The Canadian distributor for Sigma lenses in Canada is Gentec International. I would like to extend my sincerest thanks to Gentec International for loaning me this lens to create specific photographs that will be featured in my eBook on Frog Photography, which is in the writing stage and will be an extensive guide to creating stunning images of these amazing amphibians.
Please do remember to click on the above image to view the larger, sharper version.
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Posted in Caribbean, Frogs and Toads, Macro Photography, tagged amphibians, caribbean, frogs, jamaica, johnstone's whistling frog, lesser antillean whistling frog, nature photography, photography, port antonio on March 9, 2013 |
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Johnstone’s Whistling Frog (Eleutherodactylus johnstonei) with vocal sac inflated
Every night as the sun began to set during my stay at Search Me Heart in Port Antonio Jamaica, the nights would begin to fill with the choruses of the Johnstone’s Whistling Frog, also known as the Lesser Antillean Whistling Frog. This tiny little frog, which measures roughly 3/4 of an inch in length, is one of the most widely distributed frogs in the Caribbean, mostly due to trade among the islands. It would be very easy for these frog to hitch a ride among bananas and such being traded between neighboring Caribbean islands. These little frogs do not require water to reproduce as the female will deposit her eggs among leaf litter from which tiny froglets will emerge.
Prior to departing for Port Antonio, Jamaica I did a ton of research to learn of various landscape locations I would want to visit and what wildlife species may be indigenous to the region. During my research I discovered that there is roughly 27 species of frogs in Jamaica. Knowing that in advance I decided I should take along my gear that I frequently use for frog photography, however I did not really want to carry the additional weight of my Nikon 105mm micro lens, so I decided to leave that lens at home and follow my own advice here about the Nikon 80-400mm macro lens solution. By using my Nikon 80-400mm VR lens with the Canon 500D Close-up filter and my Nikon SB400 Speedlight, on a flash bracket, I was well equipped to capture these tiny frogs. I did not know that these tiny frogs would be so plentiful among the vegetation of Search Me Heart’s gardens. Each night before heading off to bed I would spend about an hour or so wandering about the lush gardens with a small flashlight, trying to located the frogs as they sang. In the photo above I had to wait patiently for this little fella to commence singing again after I discovered him among some yellowed foliage of wild banana plants and the frog below would show up virtually every night on the very same leaf to chorus. By frequently searching out these subjects I was able to capture some of my most favorite frog images to date.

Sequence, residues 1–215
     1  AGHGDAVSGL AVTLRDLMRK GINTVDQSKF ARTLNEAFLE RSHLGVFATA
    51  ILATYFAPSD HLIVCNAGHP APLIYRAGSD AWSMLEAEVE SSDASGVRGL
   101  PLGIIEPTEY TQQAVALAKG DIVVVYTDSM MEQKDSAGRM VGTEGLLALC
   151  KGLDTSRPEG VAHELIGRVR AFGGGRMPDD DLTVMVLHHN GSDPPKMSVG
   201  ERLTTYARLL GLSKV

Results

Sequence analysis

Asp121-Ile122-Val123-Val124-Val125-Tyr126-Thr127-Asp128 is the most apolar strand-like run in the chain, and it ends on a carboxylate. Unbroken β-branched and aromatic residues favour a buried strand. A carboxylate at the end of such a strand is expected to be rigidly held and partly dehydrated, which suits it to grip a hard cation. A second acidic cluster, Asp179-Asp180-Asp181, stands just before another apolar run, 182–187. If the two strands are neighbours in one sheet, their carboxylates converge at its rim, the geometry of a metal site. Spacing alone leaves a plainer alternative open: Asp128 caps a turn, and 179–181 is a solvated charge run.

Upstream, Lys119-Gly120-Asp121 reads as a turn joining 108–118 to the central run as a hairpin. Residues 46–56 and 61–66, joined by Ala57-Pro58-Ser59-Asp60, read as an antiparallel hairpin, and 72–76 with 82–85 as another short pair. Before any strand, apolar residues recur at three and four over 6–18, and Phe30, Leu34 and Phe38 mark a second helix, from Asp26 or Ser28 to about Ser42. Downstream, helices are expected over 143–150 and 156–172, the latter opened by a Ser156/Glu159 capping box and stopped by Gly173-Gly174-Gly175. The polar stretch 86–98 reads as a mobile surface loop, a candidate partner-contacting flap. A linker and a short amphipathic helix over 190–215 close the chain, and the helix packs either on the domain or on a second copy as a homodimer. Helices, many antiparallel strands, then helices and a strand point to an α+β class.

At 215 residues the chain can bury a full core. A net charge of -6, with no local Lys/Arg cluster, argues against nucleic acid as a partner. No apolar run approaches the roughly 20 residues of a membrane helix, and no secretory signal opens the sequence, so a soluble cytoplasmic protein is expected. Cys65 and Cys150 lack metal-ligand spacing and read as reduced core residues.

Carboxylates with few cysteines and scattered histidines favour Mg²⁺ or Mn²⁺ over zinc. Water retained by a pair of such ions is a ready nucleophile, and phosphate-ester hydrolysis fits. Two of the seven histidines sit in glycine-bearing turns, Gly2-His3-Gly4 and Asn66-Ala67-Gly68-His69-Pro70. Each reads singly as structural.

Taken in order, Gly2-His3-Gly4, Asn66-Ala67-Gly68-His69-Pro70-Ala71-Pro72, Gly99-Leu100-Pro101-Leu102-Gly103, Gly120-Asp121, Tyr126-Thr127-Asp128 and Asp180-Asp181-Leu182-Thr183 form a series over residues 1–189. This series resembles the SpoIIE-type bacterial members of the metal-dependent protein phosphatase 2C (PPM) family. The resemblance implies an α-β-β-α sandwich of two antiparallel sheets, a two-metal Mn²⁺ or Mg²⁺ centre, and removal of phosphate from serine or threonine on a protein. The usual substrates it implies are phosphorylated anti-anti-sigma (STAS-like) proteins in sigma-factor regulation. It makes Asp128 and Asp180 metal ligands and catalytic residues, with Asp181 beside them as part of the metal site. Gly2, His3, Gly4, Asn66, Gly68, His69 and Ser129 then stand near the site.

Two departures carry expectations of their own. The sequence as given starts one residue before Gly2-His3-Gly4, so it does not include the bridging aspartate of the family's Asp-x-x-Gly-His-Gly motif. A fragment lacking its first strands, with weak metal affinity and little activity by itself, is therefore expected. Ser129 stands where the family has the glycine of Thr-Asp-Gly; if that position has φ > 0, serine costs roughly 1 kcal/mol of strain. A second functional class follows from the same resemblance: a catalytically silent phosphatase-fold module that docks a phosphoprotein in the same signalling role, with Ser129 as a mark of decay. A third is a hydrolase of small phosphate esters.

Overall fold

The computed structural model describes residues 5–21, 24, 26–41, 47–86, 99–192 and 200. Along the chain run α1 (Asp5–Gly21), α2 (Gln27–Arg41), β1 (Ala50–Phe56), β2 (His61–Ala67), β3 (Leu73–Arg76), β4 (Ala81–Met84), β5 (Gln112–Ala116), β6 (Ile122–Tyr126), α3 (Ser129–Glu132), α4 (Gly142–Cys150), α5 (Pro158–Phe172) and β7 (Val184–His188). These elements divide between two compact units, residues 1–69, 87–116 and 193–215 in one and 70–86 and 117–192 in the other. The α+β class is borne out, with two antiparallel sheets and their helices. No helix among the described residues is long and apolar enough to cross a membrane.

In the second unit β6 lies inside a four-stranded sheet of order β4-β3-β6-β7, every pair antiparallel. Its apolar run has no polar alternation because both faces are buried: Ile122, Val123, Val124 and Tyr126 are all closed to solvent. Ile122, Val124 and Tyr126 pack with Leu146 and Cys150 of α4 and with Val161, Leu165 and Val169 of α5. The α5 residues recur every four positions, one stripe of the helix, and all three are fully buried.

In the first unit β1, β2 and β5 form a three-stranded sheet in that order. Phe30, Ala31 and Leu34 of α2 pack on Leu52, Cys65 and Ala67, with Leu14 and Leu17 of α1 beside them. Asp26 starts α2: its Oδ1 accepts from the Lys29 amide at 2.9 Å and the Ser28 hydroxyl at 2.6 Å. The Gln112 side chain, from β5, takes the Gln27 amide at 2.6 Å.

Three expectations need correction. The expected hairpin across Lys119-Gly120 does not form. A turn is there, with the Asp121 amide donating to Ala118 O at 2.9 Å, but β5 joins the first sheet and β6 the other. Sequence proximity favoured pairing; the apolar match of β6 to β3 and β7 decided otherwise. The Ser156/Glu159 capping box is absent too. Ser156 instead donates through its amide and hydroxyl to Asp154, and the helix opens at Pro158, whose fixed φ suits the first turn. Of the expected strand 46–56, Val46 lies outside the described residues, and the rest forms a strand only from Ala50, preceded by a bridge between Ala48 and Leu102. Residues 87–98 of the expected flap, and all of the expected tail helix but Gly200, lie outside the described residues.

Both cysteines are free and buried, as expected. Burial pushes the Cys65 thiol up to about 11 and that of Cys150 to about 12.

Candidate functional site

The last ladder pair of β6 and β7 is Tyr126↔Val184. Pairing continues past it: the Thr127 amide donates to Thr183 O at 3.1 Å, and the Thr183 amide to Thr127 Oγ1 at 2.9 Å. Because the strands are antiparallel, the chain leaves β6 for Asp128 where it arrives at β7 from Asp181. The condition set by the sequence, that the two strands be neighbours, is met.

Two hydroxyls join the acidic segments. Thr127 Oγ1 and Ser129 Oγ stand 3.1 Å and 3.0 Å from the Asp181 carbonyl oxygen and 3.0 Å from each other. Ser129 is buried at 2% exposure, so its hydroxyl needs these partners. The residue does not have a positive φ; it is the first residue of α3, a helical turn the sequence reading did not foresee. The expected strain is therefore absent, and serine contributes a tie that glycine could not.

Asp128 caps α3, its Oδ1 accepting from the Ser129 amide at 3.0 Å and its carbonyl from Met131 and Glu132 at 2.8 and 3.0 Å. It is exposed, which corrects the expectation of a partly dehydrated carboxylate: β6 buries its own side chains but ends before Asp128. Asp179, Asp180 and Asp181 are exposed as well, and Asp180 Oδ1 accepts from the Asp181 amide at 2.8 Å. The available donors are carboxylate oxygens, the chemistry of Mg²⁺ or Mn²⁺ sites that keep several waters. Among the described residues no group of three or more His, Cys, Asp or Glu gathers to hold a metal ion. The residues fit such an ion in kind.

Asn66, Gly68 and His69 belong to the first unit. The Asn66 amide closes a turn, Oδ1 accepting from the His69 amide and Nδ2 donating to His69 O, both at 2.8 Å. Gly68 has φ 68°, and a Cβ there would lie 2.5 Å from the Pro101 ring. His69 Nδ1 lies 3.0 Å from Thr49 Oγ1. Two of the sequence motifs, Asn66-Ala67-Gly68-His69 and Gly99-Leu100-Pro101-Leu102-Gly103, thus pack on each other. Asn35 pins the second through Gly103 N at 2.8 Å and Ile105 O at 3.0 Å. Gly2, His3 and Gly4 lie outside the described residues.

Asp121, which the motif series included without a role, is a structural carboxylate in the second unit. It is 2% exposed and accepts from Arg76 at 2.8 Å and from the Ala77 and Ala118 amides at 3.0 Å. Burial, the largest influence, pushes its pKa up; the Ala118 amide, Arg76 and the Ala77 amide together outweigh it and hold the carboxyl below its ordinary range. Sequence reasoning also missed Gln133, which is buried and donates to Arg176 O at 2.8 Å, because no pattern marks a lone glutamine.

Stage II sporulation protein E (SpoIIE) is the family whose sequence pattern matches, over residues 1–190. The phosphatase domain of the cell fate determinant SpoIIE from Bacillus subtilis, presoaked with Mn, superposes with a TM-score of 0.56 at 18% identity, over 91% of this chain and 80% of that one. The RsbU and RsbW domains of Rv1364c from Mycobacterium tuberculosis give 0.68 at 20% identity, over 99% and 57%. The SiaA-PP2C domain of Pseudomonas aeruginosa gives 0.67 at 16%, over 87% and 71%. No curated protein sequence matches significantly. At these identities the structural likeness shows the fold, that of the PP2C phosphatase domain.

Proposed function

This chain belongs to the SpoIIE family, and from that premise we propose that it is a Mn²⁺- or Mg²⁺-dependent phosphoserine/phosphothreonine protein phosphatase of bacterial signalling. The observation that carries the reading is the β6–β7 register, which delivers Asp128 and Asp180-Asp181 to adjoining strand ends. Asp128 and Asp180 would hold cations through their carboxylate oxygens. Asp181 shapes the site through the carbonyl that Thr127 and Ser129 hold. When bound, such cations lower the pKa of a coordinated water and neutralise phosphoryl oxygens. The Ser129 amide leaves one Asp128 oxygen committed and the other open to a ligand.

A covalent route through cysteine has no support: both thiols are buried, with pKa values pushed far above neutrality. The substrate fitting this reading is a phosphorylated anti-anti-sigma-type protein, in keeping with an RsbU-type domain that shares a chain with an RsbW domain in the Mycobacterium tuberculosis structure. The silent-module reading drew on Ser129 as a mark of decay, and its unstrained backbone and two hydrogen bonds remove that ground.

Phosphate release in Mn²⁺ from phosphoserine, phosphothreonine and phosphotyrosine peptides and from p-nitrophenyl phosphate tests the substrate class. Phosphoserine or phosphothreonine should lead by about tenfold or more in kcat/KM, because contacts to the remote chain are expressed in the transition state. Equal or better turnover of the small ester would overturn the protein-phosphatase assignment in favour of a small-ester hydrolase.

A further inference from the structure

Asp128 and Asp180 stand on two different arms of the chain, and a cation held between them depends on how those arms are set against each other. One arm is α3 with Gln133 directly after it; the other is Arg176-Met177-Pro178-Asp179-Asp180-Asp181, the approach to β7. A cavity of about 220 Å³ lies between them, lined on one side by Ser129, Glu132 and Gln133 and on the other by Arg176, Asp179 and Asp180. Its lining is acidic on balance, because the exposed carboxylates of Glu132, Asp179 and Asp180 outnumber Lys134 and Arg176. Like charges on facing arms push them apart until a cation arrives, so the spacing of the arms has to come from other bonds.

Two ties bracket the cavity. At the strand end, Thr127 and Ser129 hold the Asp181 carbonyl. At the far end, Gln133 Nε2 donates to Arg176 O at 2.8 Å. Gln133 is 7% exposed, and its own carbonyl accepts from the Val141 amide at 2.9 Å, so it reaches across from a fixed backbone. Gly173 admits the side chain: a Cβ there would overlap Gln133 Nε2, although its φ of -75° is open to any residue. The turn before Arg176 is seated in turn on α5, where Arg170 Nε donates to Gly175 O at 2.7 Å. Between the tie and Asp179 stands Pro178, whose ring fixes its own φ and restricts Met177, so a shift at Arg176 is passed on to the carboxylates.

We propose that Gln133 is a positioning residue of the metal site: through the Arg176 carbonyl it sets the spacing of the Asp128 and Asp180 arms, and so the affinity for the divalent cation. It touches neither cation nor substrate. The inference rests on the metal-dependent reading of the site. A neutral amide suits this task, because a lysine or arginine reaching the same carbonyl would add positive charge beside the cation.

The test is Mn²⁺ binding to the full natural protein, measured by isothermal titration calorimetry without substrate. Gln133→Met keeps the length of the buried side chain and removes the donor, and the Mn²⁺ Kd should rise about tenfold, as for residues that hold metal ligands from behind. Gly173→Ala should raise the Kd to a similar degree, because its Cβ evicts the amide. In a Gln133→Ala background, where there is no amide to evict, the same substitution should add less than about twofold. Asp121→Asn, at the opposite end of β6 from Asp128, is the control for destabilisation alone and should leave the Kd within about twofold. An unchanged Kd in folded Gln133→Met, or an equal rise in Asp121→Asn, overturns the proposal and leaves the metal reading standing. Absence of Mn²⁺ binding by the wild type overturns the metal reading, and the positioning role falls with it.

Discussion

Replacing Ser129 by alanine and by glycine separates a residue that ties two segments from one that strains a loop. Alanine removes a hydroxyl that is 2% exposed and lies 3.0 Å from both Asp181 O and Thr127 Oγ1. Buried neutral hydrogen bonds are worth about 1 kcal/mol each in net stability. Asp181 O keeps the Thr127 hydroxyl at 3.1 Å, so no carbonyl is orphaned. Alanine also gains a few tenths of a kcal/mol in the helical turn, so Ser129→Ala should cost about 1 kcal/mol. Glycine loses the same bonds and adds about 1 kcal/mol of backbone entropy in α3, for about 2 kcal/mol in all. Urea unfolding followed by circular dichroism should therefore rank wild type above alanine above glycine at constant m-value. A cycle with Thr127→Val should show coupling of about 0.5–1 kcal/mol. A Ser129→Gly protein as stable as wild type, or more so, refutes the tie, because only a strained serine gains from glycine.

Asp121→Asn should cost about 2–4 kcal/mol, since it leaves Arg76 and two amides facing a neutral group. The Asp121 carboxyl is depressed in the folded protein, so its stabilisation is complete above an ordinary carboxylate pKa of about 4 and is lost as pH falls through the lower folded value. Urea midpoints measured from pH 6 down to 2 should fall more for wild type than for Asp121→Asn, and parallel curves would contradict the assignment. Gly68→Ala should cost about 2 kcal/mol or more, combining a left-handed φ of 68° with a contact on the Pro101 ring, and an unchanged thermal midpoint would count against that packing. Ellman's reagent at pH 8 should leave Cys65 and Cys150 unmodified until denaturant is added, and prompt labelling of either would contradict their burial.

Please click on each photo to see the larger, sharper version.
Johnstone’s Whistling Frog (Eleutherodactylus johnstonei)
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Posted in Birds, Frogs and Toads, Horseshoe Lake, Landscapes, ontario, tagged bird photography, Birds, frogs, Horseshoe Lake, landscape photography, muskoka, nature photography, ontario, photography, stock photography, top 12 for 2012, waterfalls, wetlands on January 1, 2013 |
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Male Bullfrog in wetland on Horseshoe Lake, Ontario
Looking back over the past year I realized I probably photographed a little bit more wildlife than landscapes, which is some what different for me. Mostly I was photographing frogs and toads for various chapters in the frog book that I am currently writing. As a result it is easy to see why my top 12 images from 2012 contains a few frog photos
Here is a selection of a few of my favorite images created in 2012.
Tiny Marsh Provincial Wildlife Area, Ontario
Eastern Massassauga Rattlesnake, Killbear Provincial Park, Ontario
Rosseau River at Lower Rosseau Falls, Ontario
Over-under juvenile Bullfrog
Willet on Liebeck Lake, Ontario
Horseshoe Lake wetland at sunset, Ontario
Common Loon with chick on Horseshoe Lake, Ontario
Zimmerman’s Poison Frog
Beaver Pond, Algonquin Provincial Park, Ontario
View from the dock at sunset, Horseshoe Lake, Ontario
The White-breasted Nuthatch image above represents the last photograph captured for 2012. It was visiting my suet feeder set-up frequently yesterday while I was out in the blind for another round of winter songbird photography.
Wishing everybody all the best in 2013.
Happy New Year!!!
Please remember to click on each of the photos to see the larger sharper version.
See ya soon!